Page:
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The Dynamics of Lava Flows R. W. Griffiths

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Outline Motivation and Methods Flow without Cooling –Viscous Flow –Viscoplastic Flow Flow with Cooling Summary and Conclusions

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Motivation Assess hazards –Rheology, Effusion Rate, Topography, Flow front, Stability of lava domes Interpret ancient flows –Understand Ni-Fe-Cu Sulphide ore formation Interpret extraterrestrial flows –Morphology --> Rheology + Eruption Rates

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Methods Review of theoretical and experimental studies of flow dynamics Compare: –Field Observation –Numerical Solutions –Experimental Results Towards more physically consistent models

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Flow without Cooling Isothermal models Horizontal + vertical momentum equations Render equations dimensionless

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Assumptions Lava domes --- Re Spreading of very viscous Newtonian fluid creeping over horizontal / sloping planes Hawaiian channel flows --- Re Komatiites --- Re 10 6 For long basalt flows assume well-mixed flows with uniform properties in the vertical

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Dynamical Regimes Significance of yield stress set by Bingham Number –B=0 for Newtonian behaviour –B --> infinity for large yield stresses –B=1 is critical Bingham Number (viscous-plastic transition)) Silicic domes grow very slowly –viscous stresses >1 ) –balance between gravity / yield stress Large basaltic channel flows - B<<1 balance viscous forces / gravity After onset of yield stress, plastic deformation dominates in cooler / slower areas B=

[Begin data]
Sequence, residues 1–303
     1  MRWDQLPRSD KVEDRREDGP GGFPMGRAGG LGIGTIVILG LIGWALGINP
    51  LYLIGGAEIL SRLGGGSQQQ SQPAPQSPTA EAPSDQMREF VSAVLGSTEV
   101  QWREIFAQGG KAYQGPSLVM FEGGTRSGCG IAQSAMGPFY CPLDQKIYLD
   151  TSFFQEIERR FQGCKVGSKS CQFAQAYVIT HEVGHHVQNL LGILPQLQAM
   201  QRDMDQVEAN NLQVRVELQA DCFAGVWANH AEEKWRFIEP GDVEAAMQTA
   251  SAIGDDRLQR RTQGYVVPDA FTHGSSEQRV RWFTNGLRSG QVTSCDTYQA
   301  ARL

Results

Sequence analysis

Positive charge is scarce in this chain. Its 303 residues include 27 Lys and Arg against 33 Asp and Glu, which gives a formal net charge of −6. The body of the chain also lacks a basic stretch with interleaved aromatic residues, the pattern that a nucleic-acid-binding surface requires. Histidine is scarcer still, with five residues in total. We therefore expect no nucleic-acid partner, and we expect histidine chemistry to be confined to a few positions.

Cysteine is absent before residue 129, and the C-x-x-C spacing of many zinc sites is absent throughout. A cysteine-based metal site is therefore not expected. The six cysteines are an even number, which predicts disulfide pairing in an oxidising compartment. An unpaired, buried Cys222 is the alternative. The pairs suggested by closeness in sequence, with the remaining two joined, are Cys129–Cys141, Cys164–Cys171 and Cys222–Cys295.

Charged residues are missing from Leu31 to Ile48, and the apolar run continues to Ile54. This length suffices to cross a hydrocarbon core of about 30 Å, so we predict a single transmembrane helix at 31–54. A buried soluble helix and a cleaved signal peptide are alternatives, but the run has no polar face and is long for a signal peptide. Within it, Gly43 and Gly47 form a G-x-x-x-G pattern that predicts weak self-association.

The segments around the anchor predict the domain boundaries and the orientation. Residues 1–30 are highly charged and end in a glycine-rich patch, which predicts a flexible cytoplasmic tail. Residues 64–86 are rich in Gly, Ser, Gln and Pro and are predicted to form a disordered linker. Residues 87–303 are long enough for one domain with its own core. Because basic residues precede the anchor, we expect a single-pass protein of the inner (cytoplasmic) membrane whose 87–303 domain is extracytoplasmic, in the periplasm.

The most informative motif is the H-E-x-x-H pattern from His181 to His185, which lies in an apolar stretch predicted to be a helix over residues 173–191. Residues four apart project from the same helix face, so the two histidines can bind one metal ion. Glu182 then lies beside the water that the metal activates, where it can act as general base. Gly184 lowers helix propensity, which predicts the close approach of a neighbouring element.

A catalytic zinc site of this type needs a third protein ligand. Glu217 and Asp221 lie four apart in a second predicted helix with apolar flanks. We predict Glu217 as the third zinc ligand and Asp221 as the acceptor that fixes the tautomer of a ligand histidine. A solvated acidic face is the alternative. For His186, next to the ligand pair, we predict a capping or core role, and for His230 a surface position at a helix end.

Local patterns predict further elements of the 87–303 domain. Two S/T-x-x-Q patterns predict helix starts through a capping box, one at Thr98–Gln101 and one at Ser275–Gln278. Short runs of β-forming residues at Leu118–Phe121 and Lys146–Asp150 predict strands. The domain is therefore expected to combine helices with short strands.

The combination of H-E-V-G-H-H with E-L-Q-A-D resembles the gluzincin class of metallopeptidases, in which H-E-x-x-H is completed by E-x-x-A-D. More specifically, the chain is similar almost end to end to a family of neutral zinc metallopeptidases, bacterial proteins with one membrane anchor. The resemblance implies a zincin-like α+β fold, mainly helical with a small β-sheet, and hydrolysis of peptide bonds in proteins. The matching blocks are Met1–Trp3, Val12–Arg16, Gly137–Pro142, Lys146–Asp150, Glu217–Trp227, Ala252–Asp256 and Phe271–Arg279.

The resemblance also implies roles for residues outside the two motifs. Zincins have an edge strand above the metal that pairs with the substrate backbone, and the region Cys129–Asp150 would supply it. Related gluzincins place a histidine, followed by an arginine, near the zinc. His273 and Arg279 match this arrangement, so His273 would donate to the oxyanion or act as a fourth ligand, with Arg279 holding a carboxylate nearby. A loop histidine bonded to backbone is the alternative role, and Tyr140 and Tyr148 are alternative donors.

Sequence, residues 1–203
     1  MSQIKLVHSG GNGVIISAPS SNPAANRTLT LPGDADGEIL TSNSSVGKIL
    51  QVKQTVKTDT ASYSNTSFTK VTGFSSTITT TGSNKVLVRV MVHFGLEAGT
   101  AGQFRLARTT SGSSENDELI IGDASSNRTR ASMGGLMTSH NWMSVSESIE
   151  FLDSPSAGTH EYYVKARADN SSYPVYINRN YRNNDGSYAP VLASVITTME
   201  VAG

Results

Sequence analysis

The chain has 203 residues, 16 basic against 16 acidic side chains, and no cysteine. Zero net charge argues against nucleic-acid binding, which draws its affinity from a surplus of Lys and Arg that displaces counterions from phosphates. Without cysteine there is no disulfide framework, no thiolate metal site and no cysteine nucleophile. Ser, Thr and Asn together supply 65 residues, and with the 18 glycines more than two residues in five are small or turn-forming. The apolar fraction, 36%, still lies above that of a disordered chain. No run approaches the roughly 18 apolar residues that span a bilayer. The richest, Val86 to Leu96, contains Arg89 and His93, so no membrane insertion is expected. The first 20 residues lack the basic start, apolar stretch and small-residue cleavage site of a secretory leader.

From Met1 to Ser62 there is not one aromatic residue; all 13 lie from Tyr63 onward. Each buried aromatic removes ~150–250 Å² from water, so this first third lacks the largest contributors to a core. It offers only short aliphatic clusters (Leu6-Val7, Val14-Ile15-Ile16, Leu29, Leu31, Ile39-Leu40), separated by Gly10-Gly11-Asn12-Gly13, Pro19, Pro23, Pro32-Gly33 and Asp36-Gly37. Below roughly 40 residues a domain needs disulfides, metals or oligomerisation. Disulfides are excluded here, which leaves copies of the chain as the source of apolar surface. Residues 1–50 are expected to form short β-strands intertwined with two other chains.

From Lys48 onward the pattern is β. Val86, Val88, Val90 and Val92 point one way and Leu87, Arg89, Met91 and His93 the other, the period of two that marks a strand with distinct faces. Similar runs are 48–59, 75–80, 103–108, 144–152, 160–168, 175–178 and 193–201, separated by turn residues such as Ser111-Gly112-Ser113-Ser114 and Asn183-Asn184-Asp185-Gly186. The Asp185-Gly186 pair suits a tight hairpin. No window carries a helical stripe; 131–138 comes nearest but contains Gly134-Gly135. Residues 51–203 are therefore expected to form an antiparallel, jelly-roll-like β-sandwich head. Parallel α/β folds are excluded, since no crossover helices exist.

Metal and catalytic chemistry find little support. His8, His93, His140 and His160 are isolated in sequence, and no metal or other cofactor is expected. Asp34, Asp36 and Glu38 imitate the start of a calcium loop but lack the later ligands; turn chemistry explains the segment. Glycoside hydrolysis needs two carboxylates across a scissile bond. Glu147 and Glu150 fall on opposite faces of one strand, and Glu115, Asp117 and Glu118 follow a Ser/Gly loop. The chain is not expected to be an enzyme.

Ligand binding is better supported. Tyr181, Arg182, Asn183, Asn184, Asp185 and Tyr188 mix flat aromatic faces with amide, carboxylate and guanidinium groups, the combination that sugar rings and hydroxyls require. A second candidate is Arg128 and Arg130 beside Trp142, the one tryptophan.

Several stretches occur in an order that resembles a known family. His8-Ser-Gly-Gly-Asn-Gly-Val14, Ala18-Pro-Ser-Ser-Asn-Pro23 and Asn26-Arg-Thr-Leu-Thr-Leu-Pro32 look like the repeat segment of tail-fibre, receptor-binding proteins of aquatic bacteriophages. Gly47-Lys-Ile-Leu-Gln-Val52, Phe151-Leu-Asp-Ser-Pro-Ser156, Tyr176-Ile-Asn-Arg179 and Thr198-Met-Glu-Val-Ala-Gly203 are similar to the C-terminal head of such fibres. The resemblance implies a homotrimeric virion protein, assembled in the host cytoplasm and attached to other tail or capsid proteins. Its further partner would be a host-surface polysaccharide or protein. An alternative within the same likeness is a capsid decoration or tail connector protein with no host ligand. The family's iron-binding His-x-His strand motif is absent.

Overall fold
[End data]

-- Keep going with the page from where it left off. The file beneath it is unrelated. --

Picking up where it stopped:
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Axisymmetric Viscous Flow Solution by Huppert (1982) gives: –speed of flow front advance –relation between height and radius Rate of advance of the front slows - dome height decreases (under constant source flux) Dome height increases under increasing source flux Good fit with experiments involving viscous oil Discrepancies with La Soufriere data due to Non-Newtonian properties

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Viscous Flow on a Slope Solve for flow outline + 3-D depth distribution –Add dependence on slope of angle Solution by Lister (1992) shows: – flow becomes influenced by slope after a certain time or volume –followed by width and length increase Flow becomes more elongated for larger viscosity and larger volume flux Grows wider compared with its length as volume increases

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Axisymmetric Viscoplastic Flow Introduction of a yield strength Assume fluid only deforms at base Solution by Nye (1952) implies central height and radius always related Good agreement with experiments involving kaolin/water slurries except at origin and flow front

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Scaling Analysis Solution Based on force balance Agrees well with experiments involving slurries of kaolin + polyethylene glycol wax Static Solution: dome does not continue to flow when vent is stopped H and R independent of time Same material remained at flow front

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Newtonian vs. Plastic? Model gives larger shear rates at the vent –Viscous forces important at early times Transition from viscous flow (B >1) at later times Good agreement with height and radius data from La Soufriere Plastic model describes lava domes better

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Viscoplastic flow on a slope Levees imply non-Newtonian flow Consider Bingham fluid flow down slope (Hulme, 1974) Lateral flow would stop when pressure-gradient balanced by yield stress –Implies a critical depth below which there will be no downslope motion –With a width of stationary fluid along the edge of the flow Free viscoplastic flow between stationary regions

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Kaolin/Water experiments show stationary levees bounding long down-slope flows –Height consistent with numerical solution –Levees can be explained in terms of isothermal flows having a yield strength Lava domes more challenging –Need to predict full 3-D shape inc. up-slope Equation for flow thickness normal to the base

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When the dome volume is normalized by Dynamical regimes can be identified: –For V<<1, minor influence of slope, close to axisymmetric with quadratic thickness profile –For V>1, strong influence of slope = displacement from vent –For V>>1, down-slope length of dome tends to infinity Experiments with slurries of kaolin in polyethylene glycol wax consistent with theoretical solution –Departure from circular as V increases –Development of levees for long flows V>10